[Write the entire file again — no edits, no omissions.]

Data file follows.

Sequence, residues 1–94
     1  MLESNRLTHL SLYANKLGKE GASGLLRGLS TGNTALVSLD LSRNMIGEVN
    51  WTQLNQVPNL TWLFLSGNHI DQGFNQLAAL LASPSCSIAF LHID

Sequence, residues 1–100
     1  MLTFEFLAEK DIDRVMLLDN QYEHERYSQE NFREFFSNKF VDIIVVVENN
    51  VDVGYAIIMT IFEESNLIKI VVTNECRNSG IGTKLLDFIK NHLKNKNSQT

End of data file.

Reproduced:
Sequence, residues 1–94
     1  MLESNRLTHL SLYANKLGKE GASGLLRGLS TGNTALVSLD LSRNMIGEVN
    51  WTQLNQVPNL TWLFLSGNHI DQGFNQLAAL LASPSCSIAF LHID

Sequence, residues 1–100
     1  MLTFEFLAEK DIDRVMLLDN QYEHERYSQE NFREFFSNKF VDIIVVVENN
    51  VDVGYAIIMT IFEESNLIKI VVTNECRNSG IGTKLLDFIK NHLKNKNSQT